Courtesy of tourofbeijing.net
Germany’s Tony Martin (Omega Pharma-Quick Step) added some panache to the Tour of Beijing with a solo victory on stage two into Mentougou, in the western hills of Beijing, on Wednesday.
The defending champion, who missed the time trial on the course this year and said his “chances to repeat his victory were tight”, was able to follow the best climbers on the three climbs that featured on the 126 kilometers from the Olympic Park to Mentougou District. He then surprised his rivals on the last downhill stretch to the finish and opened a gap in the last flat 20 kilometers.
Martin takes a significant 50 second lead in the general classification ahead of Italy’s Francesco Gavazzi (Astana) and 52 seconds on Eros Capecchi (Liquigas-Cannondale) who were second and third on the stage.
“If there is no time trial, you have to do your own one!” Martin smiled. “Some guys were expecting a sprint, but my team expected a hard race. The goal was to make a good race and to stay at the front, but I didn’t expect to win. I had a very, very small chance today but I took it and I am very happy and proud of this.”
Breakaways took the first intermediate sprints in the opening part of the stage. Andrey Grivko (Astana) out-sprinted China’s Kun Jiang (Champion System Pro Cycling) on kilometer 22, then Mathias Frank (BMC Racing Team) was first on kilometer 46 ahead of his four escape companions: Maxim Belkov (Katusha Team), Juan Garate (Rabobank), Jose Ivan Gutierrez (Movistar Team) and David Tanner (Team Saxo Bank-Tinkoff Bank).
The break went up to three minutes and fifteen seconds on the peloton but Euskaltel-Euskadi started a very high chase before the foot of the tough first climb in Gao Ya Kou, 10.8 kilometers long with an average gradient of 6.4%.
“Euskaltel-Euskadi raced very strong but they seemed to be focused more on Edvald Boasson Hagen“, explained Jan Bakelants (RadioShack-Nissan). “So they didn’t catch all the riders in front and left some others attacking.”
The hard first ascent, really worthy of being a medium mountain climb in the Tour de France, was hectic indeed, as several climbers launched an attack. Among them was Ireland’s Dan Martin (Garmin-Sharp) who was first to the top of both this hill and the following one and so captured the best climber’s jersey.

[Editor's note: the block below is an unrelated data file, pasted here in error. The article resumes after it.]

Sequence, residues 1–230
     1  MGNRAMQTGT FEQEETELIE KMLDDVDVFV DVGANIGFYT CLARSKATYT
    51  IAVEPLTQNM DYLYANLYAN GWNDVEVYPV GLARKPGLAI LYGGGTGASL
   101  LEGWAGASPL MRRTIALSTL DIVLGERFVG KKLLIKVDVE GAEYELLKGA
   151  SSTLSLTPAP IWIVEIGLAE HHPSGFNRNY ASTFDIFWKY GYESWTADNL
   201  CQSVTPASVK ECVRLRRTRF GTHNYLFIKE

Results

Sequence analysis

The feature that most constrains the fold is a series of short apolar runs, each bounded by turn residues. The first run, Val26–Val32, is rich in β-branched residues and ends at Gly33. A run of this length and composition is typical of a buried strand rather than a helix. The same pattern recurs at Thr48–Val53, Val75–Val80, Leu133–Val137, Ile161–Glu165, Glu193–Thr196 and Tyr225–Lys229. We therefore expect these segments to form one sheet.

The front group also included Giro d’Italia winner Ryder Hesjedal (Garmin-Sharp), Samuel Sanchez (Euskaltel-Euskadi) and a few team-mates, AG2R-La Mondiale’s Sylvain Georges and Rinaldo Nocentini, Rui Costa (Movistar Team), Tom Jelte Slagter (Rabobank), and two riders from the earlier break, Tanner and Frank.
The race’s turning point happened in the last 5-kilometer ascent to Dong Fang Hong, when Slagter accelerated before the summit, followed by Tony Martin. Germany’s rouleur then attacked at the beginning of the twisty downhill, with 25 kilometers remaining to the finish.
Nocentini said the other riders lost time before chasing Martin: “A rider from Rabobank didn’t close the gap when Martin left. We didn’t react quickly enough and some riders didn’t help, saying they had no interest in general classification. That’s a pity: we could have done much better and even if we didn’t catch Martin, we could have taken more time on the groups behind us.”
With five kilometers to go Martin had an advantage of 30 seconds that he increased by ten seconds despite a strong headwind. He even had time to zip up his jersey before crossing the line and wave to the TV cameras.
Former GC leader Elia Viviani (Liquigas-Cannondale) lost 13’13″. “The first climb was very hard and I lost time, even if my team-mates did their best to support me,” said the Italian sprinter, who is still targeting another stage victory.
For his part Andy Schleck (RadioShack-Nissan) lost 15’41″.
Stage three on Thursday will finish at the bottom of the Great Wall and is ranked as this year’s queen stage. With 162.5km between Mentougou and Badaling, the course includes four hills. The main one will be the category 1 climb in Gao Ya Kou where the riders already passed over Tuesday, but the top is 94km from the finish.
The summit finish, a one-kilometer ascent with an average gradient of 6.3% will be more decisive. It suits puncheurs like Dan Martin or strong men like Boasson Hagen and thus Tony Martin.
The “Great Wall stage” will not only visit the most famous parts of that World Wonder but also explore the Yan Qing County, an ecological conservation zone which is to many the backyard garden of Beijing City.
“I think this stage suits me pretty well as I really feel good,” Martin says. “Today I could stay with the best riders even in the first climb which was 10 kilometers long and very hard. I think I can do pretty much the same tomorrow.”
Poland’s Rafal Majka, the leader of the best young rider classification and the Team Saxo Bank-Tinkoff Bank’s leader, also believes Martin can keep the lead after that queen stage.
“Riders like me will do our best to win but obviously Martin can hold on in the mountains after the show of strength he did today.”
“Tony’s overall victory would be great for us,” confided Omega Pharma-QuickStep team manager Patrick Lefévère.
“The Tour of Beijing is important for us as part of the UCI WorldTour and part of cycling globalization. I have always supported cycling’s development across the world whether it was by going to Canada in 1989 with the Domex-Weinmann team or to China in 1996 with Mapei.”